Anglers and/or readers of the national angling press will be aware that the problem of fish predation by cormorants is seen to have sharply increased over recent years. The area adjoining the Thames Estuary as well as southern Essex has been particularly badly effected. Various 'theories' for the reason for the situation abound including marine pollution, the cessation of London's commercial waste dumping at sea, the reduction of the inshore fishing fleet, increased fish farming and even angling.
As usual in such circumstances there was much theory but very little 'hard' evidence.
Following a great deal of lobbying from angling interests the last government were finally persuaded to commission and fund research into the matter. The terms of reference for the research were (in retrospect) over ambitious and not specific enough.
After nearly two years delay the research report was published. It was certainly voluminous although doubtfully conclusive.
One of the aspects that the research had however identified was that cormorants were very adaptable to differing environments and had the capability to travel long distances (Birds which had nested in Wales were found in Nofolk).
This became evident in the perception of an increasing cormorant problem in Norfolk. The problem was most extreme on commercial fish farms and intensively managed fisheries. Perhaps, not surprisingly, the cormorants had made such venues their first targets. Nonetheless, there appeared to be an increasing problem on rivers; particularly during winters when nearby gravel lakes froze over.
NACA decided to become involved.
Meetings were held with RSPB to ascertain whether they saw the matter as a problem. While they agreed that there was some evidence to suggest an increase in the population of inland birds they saw no 'evidence' that this constituted a problem. Undoubtedly the 'P' in the RSPB left them with a problem to their membership in being seen to be a party to reducing cormorants numbers. Some of their members felt that there were similar problems with the control of hawks and corvids which made the politics of being part of any cormorant control even more difficult. NACA concluded that the RSPB would be unlikely to acknowledge the problem.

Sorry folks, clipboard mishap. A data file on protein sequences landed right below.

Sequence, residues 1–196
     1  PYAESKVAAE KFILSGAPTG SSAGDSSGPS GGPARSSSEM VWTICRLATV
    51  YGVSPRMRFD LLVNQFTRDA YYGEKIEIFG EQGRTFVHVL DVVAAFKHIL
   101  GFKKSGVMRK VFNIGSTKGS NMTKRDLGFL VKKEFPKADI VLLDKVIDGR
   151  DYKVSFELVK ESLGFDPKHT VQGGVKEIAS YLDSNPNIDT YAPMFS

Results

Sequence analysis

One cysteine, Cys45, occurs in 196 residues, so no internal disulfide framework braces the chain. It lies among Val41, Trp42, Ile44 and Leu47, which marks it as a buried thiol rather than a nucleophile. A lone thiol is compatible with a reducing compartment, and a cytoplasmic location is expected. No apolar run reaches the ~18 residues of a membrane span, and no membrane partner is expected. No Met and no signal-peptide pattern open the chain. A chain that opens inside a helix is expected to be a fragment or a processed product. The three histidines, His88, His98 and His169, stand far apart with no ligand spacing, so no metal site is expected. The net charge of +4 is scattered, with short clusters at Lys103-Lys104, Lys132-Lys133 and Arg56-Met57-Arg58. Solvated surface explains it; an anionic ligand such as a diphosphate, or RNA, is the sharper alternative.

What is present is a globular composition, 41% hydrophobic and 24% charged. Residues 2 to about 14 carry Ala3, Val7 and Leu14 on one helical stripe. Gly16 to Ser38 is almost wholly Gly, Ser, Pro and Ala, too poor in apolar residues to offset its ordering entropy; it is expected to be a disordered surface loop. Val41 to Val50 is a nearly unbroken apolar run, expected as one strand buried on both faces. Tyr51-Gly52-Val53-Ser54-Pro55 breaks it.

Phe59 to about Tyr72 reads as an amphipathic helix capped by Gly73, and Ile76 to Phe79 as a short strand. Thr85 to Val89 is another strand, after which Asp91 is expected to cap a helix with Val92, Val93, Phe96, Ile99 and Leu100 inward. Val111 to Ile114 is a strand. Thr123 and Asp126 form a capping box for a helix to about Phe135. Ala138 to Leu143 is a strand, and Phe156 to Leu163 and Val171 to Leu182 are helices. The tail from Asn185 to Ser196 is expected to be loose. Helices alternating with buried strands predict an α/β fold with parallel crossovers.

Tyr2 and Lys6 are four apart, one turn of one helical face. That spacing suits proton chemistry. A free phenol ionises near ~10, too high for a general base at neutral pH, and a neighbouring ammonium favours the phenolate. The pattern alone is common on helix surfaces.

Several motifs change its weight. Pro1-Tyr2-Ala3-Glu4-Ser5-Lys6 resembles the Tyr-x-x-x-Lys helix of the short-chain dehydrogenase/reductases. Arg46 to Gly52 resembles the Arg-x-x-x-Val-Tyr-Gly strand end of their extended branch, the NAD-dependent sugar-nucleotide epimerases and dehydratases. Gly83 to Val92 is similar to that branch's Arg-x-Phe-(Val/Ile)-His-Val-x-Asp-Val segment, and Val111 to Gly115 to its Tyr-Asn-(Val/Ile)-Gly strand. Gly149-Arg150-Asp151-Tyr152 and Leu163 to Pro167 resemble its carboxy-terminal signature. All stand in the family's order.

The situation was further exacerbated for fishery owners by the fact the cormorants had been afforded protection under the Wildlife and Country side Act 1981. In practice this meant that it seemed to be near impossible to obtain licences ( required under the Act) to control cormorants, especially in the face of MAFF's suggested "protection measures" which included fireworks (not of the .22 calibre!) and instant blow-up plastic dolls!
The Association was conscious of the need for an independent assessment of the facts. However accurate evidence might be from anglers it was agree that the birdwatching fraternity would view it with suspicion.
NACA then entered into discussions with the British Trust for Ornithology ( BTO ) at Thetford. BTO had been one of several scientific bodies involved in the original government sponsored research. They had a substantial amount of data, not all of which had appeared in the report. From talks involving the Environment Agency, NACA and the BTO it emerged that there might be considerable merit in confining research to a specific area where the activities of flocks of cormorants might be more objectively recorded.
The EA having spent considerable time and money improving Norfolk river habitats were also keen to identify fishery management systems which would help control the problem. An agreement was reached to fund research by the BTO in the Wensum valley. NACA entered into a funding partnership with the EA and the research is currently proceeding. It is hoped that a report will be forthcoming by the summer of 2001.
Find out more about protecting fish stocks with Fish Refuges (external link) HERE